Andrew Devine, 55, died in July, more than 32 years after he suffered serious injuries at the 1989 FA Cup semi-final.
He is expected to be posthumously awarded the Freedom of Liverpool at a meeting of Liverpool City Council on Wednesday.
Speaking to BBC Breakfast his father Stanley said he felt “proud” to see his son being given the honour.
For us it means he is remembered and that is what makes it important to us
Mr Devine’s mother Hilary added: “It’s an honour from this city.
“For us it means he is remembered and that is what makes it important to us.”
The couple, from Mossley Hill, Liverpool, said Mr Devine had been at the centre of their family and was still talked about every day.
They said they had travelled to Sheffield on April 15 1989 after a Merseyside Police colleague of Stanley’s knocked on their door to tell them their son, then 22, had been injured.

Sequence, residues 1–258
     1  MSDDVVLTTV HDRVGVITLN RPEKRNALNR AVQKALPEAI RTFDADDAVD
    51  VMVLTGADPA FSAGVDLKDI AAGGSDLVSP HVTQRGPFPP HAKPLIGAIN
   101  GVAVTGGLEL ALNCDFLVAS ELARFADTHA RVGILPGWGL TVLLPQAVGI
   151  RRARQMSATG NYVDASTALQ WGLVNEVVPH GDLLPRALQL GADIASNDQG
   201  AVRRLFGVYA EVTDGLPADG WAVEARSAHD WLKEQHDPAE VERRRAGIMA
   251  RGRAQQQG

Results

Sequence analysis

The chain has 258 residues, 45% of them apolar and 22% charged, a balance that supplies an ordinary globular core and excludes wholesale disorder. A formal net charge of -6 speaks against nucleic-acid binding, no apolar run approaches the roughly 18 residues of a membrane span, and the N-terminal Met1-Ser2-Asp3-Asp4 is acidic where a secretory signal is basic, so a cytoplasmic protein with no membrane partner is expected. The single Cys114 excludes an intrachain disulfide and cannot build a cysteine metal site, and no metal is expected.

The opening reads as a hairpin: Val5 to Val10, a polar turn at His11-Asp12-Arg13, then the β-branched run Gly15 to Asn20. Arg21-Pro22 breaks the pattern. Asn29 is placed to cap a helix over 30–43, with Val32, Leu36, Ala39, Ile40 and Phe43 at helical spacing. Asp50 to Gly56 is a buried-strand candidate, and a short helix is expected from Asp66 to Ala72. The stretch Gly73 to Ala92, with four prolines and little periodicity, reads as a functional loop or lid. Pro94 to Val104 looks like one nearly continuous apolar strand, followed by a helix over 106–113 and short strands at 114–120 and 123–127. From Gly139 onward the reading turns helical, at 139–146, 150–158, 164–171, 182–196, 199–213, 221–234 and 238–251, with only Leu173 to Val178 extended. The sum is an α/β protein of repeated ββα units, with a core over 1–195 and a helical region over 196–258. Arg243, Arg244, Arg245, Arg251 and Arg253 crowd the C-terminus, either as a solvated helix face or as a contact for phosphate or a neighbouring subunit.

Mr Devine was in hospital for almost four years before he came home, where he had 24-hour care.
Stanley said: “They did say three months was the most for him, well he managed 32 years so I don’t think we did too bad.”
The couple said while in the hospital in Sheffield, footballers Emlyn Hughes and Craig Johnston came to offer to help and to take their laundry for them.
Stanley said: “Both always came through the back door, they didn’t come for publicity.”
The keen Liverpool supporter continued to attend matches with his carers.
When the team won the Champions League in 2019 their celebratory bus tour made a detour to the Devines’ house and player James Milner held the trophy over the side of the bus for Mr Devine to see, his mother said.
She said: “It was quite a moment, it made his day.”
Mr Devine’s name will join the 96 other victims of the disaster who were awarded the freedom of the city in September 2016, after inquests ruled they had been unlawfully killed.
He is being nominated alongside screenwriter Jimmy McGovern who wrote docu-drama Hillsborough, which aired in 1996, and is being recognised for contribution to British TV, film and theatre over the past 40 years.
The screenwriter said: “To be nominated along with Andrew, and to join the other 96 men, women and children whose lives were unlawfully taken away that day at Hillsborough, on that roll of honour is truly humbling.”